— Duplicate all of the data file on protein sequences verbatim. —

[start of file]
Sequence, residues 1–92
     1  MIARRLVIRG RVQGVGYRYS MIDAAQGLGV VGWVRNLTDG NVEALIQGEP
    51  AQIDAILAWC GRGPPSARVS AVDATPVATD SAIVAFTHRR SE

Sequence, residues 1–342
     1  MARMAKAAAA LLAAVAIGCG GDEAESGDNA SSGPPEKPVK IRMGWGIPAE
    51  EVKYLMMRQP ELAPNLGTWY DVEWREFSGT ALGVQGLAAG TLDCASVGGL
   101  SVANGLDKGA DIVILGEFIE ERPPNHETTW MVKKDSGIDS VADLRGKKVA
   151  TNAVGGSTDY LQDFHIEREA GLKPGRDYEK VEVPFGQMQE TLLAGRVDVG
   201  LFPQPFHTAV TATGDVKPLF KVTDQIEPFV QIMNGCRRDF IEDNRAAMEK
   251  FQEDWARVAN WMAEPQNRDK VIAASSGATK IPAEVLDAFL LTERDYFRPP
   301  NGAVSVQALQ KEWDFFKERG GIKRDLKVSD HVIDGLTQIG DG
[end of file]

Sequence, residues 1–92
     1  MIARRLVIRG RVQGVGYRYS MIDAAQGLGV VGWVRNLTDG NVEALIQGEP
    51  AQIDAILAWC GRGPPSARVS AVDATPVATD SAIVAFTHRR SE

Sequence, residues 1–342
     1  MARMAKAAAA LLAAVAIGCG GDEAESGDNA SSGPPEKPVK IRMGWGIPAE
    51  EVKYLMMRQP ELAPNLGTWY DVEWREFSGT ALGVQGLAAG TLDCASVGGL
   101  SVANGLDKGA DIVILGEFIE ERPPNHETTW MVKKDSGIDS VADLRGKKVA
   151  TNAVGGSTDY LQDFHIEREA GLKPGRDYEK VEVPFGQMQE TLLAGRVDVG
   201  LFPQPFHTAV TATGDVKPLF KVTDQIEPFV QIMNGCRRDF IEDNRAAMEK
   251  FQEDWARVAN WMAEPQNRDK VIAASSGATK IPAEVLDAFL LTERDYFRPP
   301  NGAVSVQALQ KEWDFFKERG GIKRDLKVSD HVIDGLTQIG DG